Weekly Wisdom: Human flaws

When we consciously make the effort to attack our human flaws as if they were viruses, (because they are), we will start to have a complication in our lives and find peace in our divine maturity, instead of the egoic, immature chaos in self.

Weekly Wisdom: The importance of time

God created time so that we could have plenty of it to learn our divine purpose in this earthly experience; time allows us to mature through discovering negative patterns that keep us in the ego.

The basic drill follows like this:  (to gain maturity)

  1. Identify our reactive behavior (wrong thinking)
  2. Examine the reasons for its repetition; what are the triggers
  3. Move to consciously correct our behavior with help from introspection (our spirit) and achieve ‘right’ thinking
  4. Seek help if we can’t move beyond the correction

(It may be that you need outside assistance, i.e. another’s helping hand or even professional help.  It is ‘right’ minded to recognize this too.)

Weekly Wisdom: Self-forgiveness

We need to forgive ourselves by recognizing that the things we have done were not from the spiritual driven mind, but rather the ego-self-body mind: the selfish.  When we do this, we are able to see that what we have done is producing the wrong effect, in the long run, for the ‘other’ in our life; it will transform the negative actions into positive solutions.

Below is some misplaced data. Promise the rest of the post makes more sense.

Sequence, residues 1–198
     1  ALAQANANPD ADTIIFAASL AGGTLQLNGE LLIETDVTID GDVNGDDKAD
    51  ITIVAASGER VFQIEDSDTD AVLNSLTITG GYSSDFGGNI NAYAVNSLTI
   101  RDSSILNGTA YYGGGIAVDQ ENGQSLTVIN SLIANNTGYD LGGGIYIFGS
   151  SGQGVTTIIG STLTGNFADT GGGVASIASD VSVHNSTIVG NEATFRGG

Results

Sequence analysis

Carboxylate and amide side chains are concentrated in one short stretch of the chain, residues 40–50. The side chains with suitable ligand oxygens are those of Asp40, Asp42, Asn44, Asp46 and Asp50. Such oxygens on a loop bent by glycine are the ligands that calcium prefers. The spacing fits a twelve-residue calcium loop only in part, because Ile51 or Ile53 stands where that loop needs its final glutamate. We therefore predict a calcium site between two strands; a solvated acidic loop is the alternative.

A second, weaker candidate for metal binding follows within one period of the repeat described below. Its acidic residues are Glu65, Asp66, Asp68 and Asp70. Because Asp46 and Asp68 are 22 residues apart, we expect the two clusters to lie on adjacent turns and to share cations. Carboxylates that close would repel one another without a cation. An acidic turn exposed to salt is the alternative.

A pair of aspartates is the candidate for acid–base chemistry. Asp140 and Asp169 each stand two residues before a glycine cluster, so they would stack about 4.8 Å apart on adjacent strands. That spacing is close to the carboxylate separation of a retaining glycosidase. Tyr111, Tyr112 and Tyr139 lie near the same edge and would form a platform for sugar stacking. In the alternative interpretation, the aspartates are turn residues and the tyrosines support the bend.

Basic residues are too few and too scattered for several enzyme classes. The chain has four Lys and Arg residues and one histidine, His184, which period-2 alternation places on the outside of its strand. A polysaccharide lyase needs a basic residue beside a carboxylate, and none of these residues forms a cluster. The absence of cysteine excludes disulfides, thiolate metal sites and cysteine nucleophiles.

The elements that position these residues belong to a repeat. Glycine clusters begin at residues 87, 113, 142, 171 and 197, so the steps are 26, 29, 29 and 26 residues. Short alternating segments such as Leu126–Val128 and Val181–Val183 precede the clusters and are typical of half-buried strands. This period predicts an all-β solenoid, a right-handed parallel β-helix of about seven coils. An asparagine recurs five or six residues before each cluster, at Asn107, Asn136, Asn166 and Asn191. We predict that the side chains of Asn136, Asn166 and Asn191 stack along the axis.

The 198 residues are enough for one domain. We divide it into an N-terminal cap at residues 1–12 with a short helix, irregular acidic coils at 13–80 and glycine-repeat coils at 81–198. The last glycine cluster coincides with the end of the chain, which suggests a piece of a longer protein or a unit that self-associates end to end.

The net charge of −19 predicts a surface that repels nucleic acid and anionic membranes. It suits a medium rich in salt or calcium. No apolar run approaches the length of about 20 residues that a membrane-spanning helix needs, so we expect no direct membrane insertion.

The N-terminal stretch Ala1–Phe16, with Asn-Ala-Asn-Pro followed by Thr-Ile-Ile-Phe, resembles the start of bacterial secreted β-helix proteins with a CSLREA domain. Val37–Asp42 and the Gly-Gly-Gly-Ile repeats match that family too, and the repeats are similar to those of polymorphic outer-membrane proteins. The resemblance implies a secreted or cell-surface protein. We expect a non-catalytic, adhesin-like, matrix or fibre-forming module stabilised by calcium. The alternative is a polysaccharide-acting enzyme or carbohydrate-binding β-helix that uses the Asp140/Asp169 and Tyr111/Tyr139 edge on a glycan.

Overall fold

We know the truthful direction to take.  Listen to our ‘inner’ voice, the one that is pointing to the Light.

Weekly Wisdom: Mother & Child (part 3)

If the mother-child experience is negative, the child will live with fear and suspicion, experiencing problems in forming future relationships throughout life. Because the consequences of the mother-child relationship are so critical, it is absolutely imperative that women understand their impending role before they become pregnant.  This also means it is essential that the future mother has some modicum of maturity.
The maturity required for motherhood has a spiritual inflection. Her IHood must be capable of unconditional love; she must be consciously inclined in giving to the child rather than the receiving of any self-gratification. She must have the ability to be patient, acknowledge and understand that she, mother alone, may have sole responsibility for this child; to have a demeanor of mental and emotional presence.

Weekly Wisdom: Mother & Child (part 2)

The first year of a child’s life is a struggle between trust and mistrust.  Our experience with our mothers or mother substitute hinges on the formation of a critical bond, where the mother takes the responsibility for birthing and nurturing her child; the child, in turn, is totally dependent upon the mother for their survival.

In a human environment, the need for a mother to give prolonged care is eminent.  The initial months of life are the most physically demanding, requiring a mother to be at hand nearly twenty four hours a day.  This is grueling; ask any mother.  She has little sleep and is required to give unconditionally to the baby. She learns to interpret the types of cries a child broadcasts: I’m hungry; I’m soiled; I’m sick; I’m just not happy! Eventually the child starts to communicate orally what his needs are, but not without demands and crying.  Mothers witness the epitome of immaturity in their children, and must become their unrelenting guides, trying to lead them toward independence and maturity.  It is a feverish, frustrating and rewarding process that lasts until the child is in early adulthood.